This one may be my all-time favorite. My father had this quote in a frame on his living room wall. I don't know where it came from, but now it hangs in my office. The words are printed underneath a painting of a mountain man, weathered and sinewy with a musket flat across his shoulder blades, his sun-scarred arms hanging over it like a scarecrow. In the bottom left corner of the frame is a photograph tucked between wood and glass. It's a picture of dad's best friend Les. Les died in a car wreck when I was in junior high.
Robert Louis Stevenson wrote Treasure Island and The Strange Case of Dr. Jekyll and Mr. Hyde, among others, the latter a fitting and relevant title to one of the topics we discuss here.
I don't necessarily agree with everything Ed Abbey said or did, but his influence on conservation is undeniable. His book Desert Solitaire is relevant not only to the arid red rock country of Utah, but to wilderness areas everywhere. His words speak to the heart of anyone who places as much importance in untrampled land as what's inside their CamelBak.
This one is a bit of a double-edged sword. In his book Feral, Monbiot discusses the idea of re-wilding, a fashionable term in conservation circles. The short and simple definition is turning domesticated land wild again, letting go the reins of civilization and getting back to trusting nature as the omnipotent caretaker it's proven to be over the eons. The beast is the primitive self we need to reacquaint ourselves with in order to live more responsible, more meaningful lives. But the beast can run rampant too - like our relentless greed for power and dominance. The beast is both our sharpest spear and our most destructive ruin. I think it serves each of us well to get to know the beast but know also when to put it back in the cage.
You could crib practically any sentence from this book and be well off. I am continuously amazed by Leopold's writing. He was a poet naturalist with a foreword thinking ethos that serves us well today, tomorrow, and as long as geese fly. I love this one because it contradicts human nature; it pushes us beyond our ineptness toward a better life. Fear is a good thing. It keeps us humbled, but also let's us know something we're doing is important - something impactful enough to make our stomachs churn. That probably means its worth seeing through, or at least trying to understand the foundation behind the qualms. I doubt anything worth doing is devoid of the ability to induce fear, because the fear comes from the inside. The only way to live fear free is to do nothing - a poor life indeed.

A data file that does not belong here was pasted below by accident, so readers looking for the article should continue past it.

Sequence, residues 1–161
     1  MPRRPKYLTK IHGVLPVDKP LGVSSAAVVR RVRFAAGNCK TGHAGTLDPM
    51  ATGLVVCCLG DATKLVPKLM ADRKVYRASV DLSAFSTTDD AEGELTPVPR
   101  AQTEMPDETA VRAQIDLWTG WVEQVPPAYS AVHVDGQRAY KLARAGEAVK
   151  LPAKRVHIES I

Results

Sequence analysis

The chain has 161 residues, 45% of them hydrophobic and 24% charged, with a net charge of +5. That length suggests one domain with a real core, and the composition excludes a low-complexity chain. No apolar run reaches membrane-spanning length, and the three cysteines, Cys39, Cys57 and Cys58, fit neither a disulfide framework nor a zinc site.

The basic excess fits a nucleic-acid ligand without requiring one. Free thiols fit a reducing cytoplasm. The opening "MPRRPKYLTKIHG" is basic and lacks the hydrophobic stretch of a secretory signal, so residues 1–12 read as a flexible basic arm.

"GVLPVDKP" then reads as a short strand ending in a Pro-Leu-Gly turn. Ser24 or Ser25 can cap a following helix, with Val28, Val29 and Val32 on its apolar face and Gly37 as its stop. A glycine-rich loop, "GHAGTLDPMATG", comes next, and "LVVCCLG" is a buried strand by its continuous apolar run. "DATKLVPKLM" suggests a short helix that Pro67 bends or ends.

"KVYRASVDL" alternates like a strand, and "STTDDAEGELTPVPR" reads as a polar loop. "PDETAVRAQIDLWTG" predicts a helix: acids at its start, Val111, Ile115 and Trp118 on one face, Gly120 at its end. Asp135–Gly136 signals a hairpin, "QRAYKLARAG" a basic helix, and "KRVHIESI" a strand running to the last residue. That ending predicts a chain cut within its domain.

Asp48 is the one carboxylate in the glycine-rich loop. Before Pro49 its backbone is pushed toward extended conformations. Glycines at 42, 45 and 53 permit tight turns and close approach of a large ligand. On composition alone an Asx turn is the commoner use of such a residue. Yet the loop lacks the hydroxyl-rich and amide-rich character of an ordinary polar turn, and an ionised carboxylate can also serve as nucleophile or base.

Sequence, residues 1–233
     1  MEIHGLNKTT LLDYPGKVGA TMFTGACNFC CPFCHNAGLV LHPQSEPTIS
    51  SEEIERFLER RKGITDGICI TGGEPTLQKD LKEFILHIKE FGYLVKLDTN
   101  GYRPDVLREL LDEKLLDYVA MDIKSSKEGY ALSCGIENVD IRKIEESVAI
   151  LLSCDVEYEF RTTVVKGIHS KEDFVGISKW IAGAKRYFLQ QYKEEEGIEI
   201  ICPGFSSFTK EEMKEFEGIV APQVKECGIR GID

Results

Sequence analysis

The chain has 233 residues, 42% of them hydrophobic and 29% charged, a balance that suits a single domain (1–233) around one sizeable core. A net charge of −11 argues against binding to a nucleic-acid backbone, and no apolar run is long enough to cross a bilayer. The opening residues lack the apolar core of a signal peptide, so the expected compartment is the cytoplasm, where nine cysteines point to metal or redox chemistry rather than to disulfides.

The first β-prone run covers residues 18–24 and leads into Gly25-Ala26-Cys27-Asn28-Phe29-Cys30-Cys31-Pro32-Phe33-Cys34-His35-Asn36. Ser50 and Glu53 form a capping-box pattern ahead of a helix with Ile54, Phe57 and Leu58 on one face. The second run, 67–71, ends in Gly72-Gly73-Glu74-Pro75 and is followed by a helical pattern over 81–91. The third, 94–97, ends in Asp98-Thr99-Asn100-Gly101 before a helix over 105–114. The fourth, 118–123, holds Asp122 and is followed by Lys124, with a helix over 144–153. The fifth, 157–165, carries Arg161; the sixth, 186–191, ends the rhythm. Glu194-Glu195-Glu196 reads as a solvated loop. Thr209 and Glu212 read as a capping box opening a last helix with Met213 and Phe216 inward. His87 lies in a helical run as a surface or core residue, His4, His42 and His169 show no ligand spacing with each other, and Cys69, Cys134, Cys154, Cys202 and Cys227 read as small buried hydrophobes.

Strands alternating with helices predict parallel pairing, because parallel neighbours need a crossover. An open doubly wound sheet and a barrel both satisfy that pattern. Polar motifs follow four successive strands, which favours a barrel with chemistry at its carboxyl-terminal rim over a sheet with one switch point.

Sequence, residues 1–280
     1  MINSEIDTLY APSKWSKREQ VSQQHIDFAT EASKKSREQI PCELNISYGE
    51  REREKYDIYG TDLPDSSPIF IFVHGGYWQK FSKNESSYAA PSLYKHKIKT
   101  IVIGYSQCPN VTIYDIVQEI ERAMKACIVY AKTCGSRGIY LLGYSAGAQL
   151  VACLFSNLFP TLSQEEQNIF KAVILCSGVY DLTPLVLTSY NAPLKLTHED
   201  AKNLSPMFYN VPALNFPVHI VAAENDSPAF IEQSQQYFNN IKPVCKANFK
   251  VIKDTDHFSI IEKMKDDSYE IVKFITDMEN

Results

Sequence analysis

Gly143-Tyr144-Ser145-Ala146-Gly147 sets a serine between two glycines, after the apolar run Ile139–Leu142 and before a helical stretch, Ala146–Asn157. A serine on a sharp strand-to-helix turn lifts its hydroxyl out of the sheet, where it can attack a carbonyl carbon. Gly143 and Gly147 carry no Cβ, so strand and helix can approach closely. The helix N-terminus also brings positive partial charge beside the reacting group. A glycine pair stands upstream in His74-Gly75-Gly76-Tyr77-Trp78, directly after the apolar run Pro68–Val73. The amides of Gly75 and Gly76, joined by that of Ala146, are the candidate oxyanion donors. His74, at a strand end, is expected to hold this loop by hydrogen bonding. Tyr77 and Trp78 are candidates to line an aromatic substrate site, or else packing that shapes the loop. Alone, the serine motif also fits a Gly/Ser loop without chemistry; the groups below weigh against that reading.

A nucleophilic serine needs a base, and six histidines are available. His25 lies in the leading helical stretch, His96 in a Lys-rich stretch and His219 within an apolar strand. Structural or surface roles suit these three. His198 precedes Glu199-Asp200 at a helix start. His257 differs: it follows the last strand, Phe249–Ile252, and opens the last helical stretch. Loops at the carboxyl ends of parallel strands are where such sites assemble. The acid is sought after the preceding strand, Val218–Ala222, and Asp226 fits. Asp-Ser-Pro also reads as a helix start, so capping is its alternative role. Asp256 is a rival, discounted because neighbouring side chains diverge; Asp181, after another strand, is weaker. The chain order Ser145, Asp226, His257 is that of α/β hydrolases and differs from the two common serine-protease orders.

This one shoots perspective like a 10-gauge. The world is all that lasts. Not the emails you have to send or the job you have to finish or the Facebook posts you have to like. All of it, even you, will fade. But I don't think this quote is meant to be foreboding. I think it's meant to take the weight off. There's a certain peace that comes with accepting inevitable truths. Like the fact that the mountain you climb will be there thousands of years after you step off of it. And that your time on this earth is precious. It takes courage in today's modern monkey sprint to rearrange your priorities according to your standards instead of someone else's. But you're not alone in your beliefs. Live the life you want to live. Love, laugh and pursue happiness. Stoke your wild fire. That's what these people did.